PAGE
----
For a long time I have wanted to share the power of the HWL project – the experience from researching local climate change, the experience of being out on the street and having real conversations with your own neighbors. I wanted it to be available around the world. Now I am working with Patricia Watts from ecoartspace to finally make that a reality. We are raising a small amount of funds to cover the development, writing and publishing costs. We will then make the guide available as a free download for anyone who wants to use it for teaching.
In Lower Manhattan there exists a unique intersection of urban infrastructure and paths of desire. Much of our existing infrastructure was determined by paths of desire or by the geography of the island before development.-Broadway was originally a major native American trail which connected settlements with the water,-Maiden Lane a water inlet where the "maidens" washed the laundry-marshes and ponds dotted the lower Manhattan topography, and-West Street follows the original shoreline.Now we find that our paths through the city are strictly dictated by the urban infrastructure and impediments and we are constrained in creating new paths of desire. How does the historical knowledge and modern infrastructure affect our contemporary yearning to create new paths of desire?This project, called Paths of Desire, seeks to reconnect participants to the history and geography of the island, inspire wandering and visibly track our paths as they criss-cross Lower Manhattan. The paths we walk are like tracings of our lives: some paths are etched over and over - the commute, a walk to the store. Occasionally though, we trace a new route, allowing time or space to wander and explore, compelled by something new - a search for a destination, a moment of curiosity. Along any of these paths we have the potential to intersect with others, criss-crossing on street corners, doorways, common spaces. Sometimes these paths converge to follow a common desire. By actually marking the trail of the paths of one group of people on one particular day, we find these crossings, convergence and even lonely wanderings traced and recorded for a moment in time for all to discover and explore.Another goal of the project is to re-connect contemporary New Yorkers with their relationship to the water around the island of Manhattan. Historically New York City developed and grew precisely because of its location - surrounded by water - and its proximity to the water. Participants are asked to come to the water's edge, take and use some of the water on their explorations. They will be following the historic waterways that etched the island, and trails that were undoubtedly used to carry water to settlements farther inland.Paths of Desire, a project for The Big Draw, is an interactive public experience in which participants will be provided with the tools to trace their movements as they explore Lower Manhattan and the past and present geography of the island as it has been shaped by the influence of water. Participants will pick up their materials at a location near any of the water bodies (East or Hudson River, the Bay); they will be given a recycled small water bottle which contains blue pigment. They will be assisted in filling their pigment bottle with river/bay water and will be instructed in how to start the flow of pigment.They will also be provided with a map of historic Lower Manhattan so that they may discover the no longer extant geographic or cultural markers. As the participants go through their day, their pigment bottles will allow a flow of pigment to drop to the ground tracing their path.Presented by The Drawing Center & River to River Festival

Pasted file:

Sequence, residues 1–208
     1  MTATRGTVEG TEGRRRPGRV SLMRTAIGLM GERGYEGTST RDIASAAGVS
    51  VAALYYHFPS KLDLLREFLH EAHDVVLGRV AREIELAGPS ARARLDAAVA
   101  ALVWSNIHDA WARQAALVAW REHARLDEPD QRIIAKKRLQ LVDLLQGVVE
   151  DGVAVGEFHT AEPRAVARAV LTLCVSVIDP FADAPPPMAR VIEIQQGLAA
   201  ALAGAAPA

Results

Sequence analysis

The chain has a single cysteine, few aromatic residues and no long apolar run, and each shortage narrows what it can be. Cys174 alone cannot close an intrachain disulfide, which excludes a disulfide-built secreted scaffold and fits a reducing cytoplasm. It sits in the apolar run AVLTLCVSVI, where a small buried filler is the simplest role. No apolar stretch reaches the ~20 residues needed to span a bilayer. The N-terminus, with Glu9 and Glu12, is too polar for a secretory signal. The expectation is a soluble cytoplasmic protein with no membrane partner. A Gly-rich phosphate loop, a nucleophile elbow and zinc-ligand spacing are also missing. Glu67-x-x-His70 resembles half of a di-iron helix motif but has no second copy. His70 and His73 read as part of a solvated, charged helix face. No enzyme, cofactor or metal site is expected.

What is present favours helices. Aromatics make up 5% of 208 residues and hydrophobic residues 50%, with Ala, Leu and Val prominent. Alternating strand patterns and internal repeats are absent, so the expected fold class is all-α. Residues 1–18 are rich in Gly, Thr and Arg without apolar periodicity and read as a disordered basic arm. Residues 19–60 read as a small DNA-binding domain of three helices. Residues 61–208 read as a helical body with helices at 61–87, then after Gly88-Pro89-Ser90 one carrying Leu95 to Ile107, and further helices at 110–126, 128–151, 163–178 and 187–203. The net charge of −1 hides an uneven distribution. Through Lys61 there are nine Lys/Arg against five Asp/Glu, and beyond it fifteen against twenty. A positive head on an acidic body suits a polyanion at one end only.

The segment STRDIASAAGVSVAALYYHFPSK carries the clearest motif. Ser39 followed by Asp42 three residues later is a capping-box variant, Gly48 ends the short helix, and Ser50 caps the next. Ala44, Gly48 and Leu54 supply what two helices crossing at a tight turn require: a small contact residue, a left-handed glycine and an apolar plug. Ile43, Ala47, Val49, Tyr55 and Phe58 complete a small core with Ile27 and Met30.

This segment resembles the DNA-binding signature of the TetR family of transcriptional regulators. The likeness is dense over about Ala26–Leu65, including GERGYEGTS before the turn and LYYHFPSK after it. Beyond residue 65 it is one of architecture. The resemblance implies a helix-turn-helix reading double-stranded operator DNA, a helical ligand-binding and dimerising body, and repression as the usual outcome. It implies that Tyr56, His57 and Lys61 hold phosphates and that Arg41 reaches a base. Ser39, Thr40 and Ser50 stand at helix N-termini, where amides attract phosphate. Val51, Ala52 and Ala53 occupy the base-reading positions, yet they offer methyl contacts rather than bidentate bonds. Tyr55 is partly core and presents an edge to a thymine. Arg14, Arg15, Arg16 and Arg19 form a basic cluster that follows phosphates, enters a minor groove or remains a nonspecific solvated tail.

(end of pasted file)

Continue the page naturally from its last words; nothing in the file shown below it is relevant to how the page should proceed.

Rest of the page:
This project was a temporary installation which traced the path of the Croton Aqueduct. The introduction of the seminal waterworks changed the future of New York City and allowed its growth and expansion. Providing clean water to a city plagued with disease and dirty water proved a daunting task which took many years and many millions of dollars to complete. 2008 marked the 160th anniversary of the Highbridge, the aqueduct bridge which crossed from the Bronx into Manhattan. As part of this celebration I created a path marker of monofilament and mirror fragments (broken mirrors I found on the street and removed from the waste stream) to trace the aqueduct path. The piece represented our interconnectedness with water. There were also educational components on the reduction of water usage in the city.This project was created in partnership with Friends of Fort Tryon Park and was generously funded by New York City Parks & Recreation Department and City Parks Foundation.The mirrors for the I See You in Me/The Path of Water in NYC project. The are from broken mirrors I found on the street. I then glued them together with a piece of monofilament between them. Then they were dipped in gel gloss medium and hung in my studio to dry.